Soocha Tea’s Woojeon, Sejak, Balhyo Cha & Mistletoe| Tea Review & Event Recap

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Tea provided for review

Soochatea Balhyo Cha_spoon

I have only tried Korean teas one other time in the past, so, when Soo reached out to me and offered to send me some teas to try, I was ready to share it with my readers as well.

I met Soo briefly at the Toronto Tea Festival this year. We exchanged social media, and when I told her I had tried Korean tea before, she was very excited. We later realized that the Korean tea I had tried in the past was actually from the same farmer she sources her tea from! What a small world!

Soochatea Korean Tea_Presentation

It just so happened that a few weeks ago, Soo ran a talk about Korean teas with the Tea Guild of Canada. I RSVP’d and learned a lot more about Korean teas! It was my first time going to a Tea Guild of Canada event and I would strongly recommend it to anyone who is interested in tea (the first event is even free!).

Soo’s talk, Korean Teas: A Journey to the Land of the Calm, was broken down into two main sections: a presentation about Korean teas, detailing the various types of teas, growing regions in Korea, picking seasons, and then a tasting and a Korean tea ceremony, a Darye! I really enjoyed the event, and the tea ceremony is worth seeing if you haven’t witnessed one before!

Soochatea Korean Tea Ceremony

I have been talking to Soo for a little while now, and one thing she has mentioned to me is that not many people have tried Korean tea before. Therefore, I thought it would be nice to do a quick dive into Korea teas. Soo sweetly gave me some notes that I could add to my blog post to better inform readers who have never come across Korean teas before.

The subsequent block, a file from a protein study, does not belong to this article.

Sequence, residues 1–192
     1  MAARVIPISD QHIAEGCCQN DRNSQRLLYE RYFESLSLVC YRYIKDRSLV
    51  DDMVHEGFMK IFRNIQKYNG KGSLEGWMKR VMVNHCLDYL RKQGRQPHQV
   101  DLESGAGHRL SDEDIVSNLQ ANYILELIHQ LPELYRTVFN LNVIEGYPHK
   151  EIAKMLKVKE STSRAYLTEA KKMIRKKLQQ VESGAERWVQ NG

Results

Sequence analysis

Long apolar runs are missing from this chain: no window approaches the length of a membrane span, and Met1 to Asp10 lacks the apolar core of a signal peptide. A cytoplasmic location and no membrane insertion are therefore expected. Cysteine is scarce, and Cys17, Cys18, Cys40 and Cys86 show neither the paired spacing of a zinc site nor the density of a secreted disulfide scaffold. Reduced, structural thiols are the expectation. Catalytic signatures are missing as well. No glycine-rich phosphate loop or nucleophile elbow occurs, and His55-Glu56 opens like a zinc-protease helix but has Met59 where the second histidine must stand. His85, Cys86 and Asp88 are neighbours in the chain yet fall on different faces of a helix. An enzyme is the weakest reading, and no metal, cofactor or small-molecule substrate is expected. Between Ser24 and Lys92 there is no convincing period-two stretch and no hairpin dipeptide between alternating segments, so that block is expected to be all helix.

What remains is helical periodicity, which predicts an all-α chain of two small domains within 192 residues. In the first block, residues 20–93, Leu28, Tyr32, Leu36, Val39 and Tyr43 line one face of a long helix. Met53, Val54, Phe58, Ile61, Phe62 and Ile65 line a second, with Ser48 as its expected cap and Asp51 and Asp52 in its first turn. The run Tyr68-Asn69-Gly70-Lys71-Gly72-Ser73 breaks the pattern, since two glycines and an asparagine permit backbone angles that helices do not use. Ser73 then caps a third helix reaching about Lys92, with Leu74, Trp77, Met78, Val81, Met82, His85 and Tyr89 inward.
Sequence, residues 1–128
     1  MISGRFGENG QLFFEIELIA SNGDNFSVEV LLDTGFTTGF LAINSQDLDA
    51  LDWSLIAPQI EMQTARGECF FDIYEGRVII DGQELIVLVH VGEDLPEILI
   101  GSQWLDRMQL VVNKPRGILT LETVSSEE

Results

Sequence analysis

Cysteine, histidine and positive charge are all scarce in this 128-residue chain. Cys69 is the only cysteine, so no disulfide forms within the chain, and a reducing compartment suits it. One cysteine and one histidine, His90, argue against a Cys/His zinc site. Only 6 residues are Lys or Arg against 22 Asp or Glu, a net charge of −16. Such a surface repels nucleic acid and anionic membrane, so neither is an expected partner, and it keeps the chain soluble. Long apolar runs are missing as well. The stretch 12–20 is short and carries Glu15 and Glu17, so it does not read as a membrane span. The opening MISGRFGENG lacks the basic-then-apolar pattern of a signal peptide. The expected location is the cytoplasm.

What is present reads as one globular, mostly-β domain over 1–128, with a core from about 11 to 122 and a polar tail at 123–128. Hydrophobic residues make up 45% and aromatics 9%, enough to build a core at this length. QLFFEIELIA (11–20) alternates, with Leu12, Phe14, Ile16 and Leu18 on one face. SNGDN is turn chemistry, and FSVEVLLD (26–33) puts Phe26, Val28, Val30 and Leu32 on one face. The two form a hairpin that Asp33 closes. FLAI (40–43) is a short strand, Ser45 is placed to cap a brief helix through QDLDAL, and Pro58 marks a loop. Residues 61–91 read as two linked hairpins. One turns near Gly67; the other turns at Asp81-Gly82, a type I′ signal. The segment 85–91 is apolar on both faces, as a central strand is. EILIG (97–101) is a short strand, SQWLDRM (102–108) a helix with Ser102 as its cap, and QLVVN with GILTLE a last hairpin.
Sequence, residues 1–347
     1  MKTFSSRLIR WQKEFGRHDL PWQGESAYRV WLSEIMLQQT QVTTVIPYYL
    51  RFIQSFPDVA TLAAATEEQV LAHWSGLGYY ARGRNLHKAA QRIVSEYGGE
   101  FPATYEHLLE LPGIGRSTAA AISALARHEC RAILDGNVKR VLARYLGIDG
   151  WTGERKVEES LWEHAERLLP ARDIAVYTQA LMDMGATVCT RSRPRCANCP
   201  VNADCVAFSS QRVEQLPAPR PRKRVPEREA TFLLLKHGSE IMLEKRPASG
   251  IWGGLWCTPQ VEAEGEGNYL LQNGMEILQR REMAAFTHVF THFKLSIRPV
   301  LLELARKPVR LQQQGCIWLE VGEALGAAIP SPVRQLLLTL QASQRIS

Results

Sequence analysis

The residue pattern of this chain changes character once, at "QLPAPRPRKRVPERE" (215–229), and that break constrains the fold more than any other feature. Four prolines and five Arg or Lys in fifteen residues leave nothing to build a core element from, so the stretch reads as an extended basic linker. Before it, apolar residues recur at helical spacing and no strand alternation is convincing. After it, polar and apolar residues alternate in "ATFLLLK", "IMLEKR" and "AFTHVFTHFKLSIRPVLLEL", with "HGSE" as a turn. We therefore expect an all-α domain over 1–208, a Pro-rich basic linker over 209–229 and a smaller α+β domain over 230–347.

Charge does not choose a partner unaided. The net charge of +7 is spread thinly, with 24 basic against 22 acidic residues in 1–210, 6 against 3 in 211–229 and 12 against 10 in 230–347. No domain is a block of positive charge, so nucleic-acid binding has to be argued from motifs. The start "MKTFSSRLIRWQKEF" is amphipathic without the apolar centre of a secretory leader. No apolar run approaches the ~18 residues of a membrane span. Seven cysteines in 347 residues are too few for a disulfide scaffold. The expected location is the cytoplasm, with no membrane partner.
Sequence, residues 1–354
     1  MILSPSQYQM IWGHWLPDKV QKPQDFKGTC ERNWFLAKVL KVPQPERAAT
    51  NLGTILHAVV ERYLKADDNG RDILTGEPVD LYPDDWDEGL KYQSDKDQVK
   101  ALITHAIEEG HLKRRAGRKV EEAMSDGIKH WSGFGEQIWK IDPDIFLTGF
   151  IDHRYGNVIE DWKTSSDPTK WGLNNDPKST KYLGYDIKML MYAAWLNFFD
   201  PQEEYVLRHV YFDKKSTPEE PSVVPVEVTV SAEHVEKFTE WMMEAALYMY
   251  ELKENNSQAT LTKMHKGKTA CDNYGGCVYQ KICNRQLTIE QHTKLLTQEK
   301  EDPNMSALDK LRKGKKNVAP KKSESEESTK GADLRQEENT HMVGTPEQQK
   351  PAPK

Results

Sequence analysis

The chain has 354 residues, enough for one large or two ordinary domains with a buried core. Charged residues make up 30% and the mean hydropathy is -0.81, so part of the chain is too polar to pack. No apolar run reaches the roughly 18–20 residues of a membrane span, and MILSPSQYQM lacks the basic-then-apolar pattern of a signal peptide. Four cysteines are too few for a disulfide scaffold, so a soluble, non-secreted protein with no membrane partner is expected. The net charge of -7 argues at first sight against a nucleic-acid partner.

Korea has three main growing regions (The map is from Linda Gaylard’s book, “The Tea Book”):

The Tea Book Linda Gaylard Korea Map

  • Boseong (located in South Jeolla Province):
    • Consists of the largest tea gardens (with some smaller scale farms too)
    • Produces mostly industrialized/mechanized green teas
    • Makes 40% of tea made in Korea – most green teas are from Boseong
  • Hadong (located in South Gyeongsang Province – Where Soocha Tea sources tea!):
    • Contains mostly small scale tea gardens and makes limited production
    • Hadong is where the first trees were planted in Korea
    • Hwagae-myeon (Hwagae village) is the core of Handong tea farming. It is also designated as a Globally Important Agricultural Heritage System which means it “combine[s] agricultural biodiversity, resilient ecosystems and a valuable cultural heritage
  • Jeju Island
    • Mostly industrialized/mechanized teas
    • Amore Pacific (a Korean cosmetic brand) planted tea trees in 1979
    • Produces 24% of national green teas

Types of teas are Korea is based around picking seasons and oxidation. Some important dates in the solar calendar (24 points according to the solar movement) are Gokwoo (穀雨, Rainfall for seedling) which falls on April 20th/21st, Ipha (立夏, the beginning of summer), which falls on May 5th/6th, and Soman (小滿, Lesser fullness of grain) which falls on May 21st/22nd

  • Woojeon (雨前): meaning “before rain”
    • 1st flush tea which contains young buds and leaves
    • Picked before April 20th /21st (Gokwoo)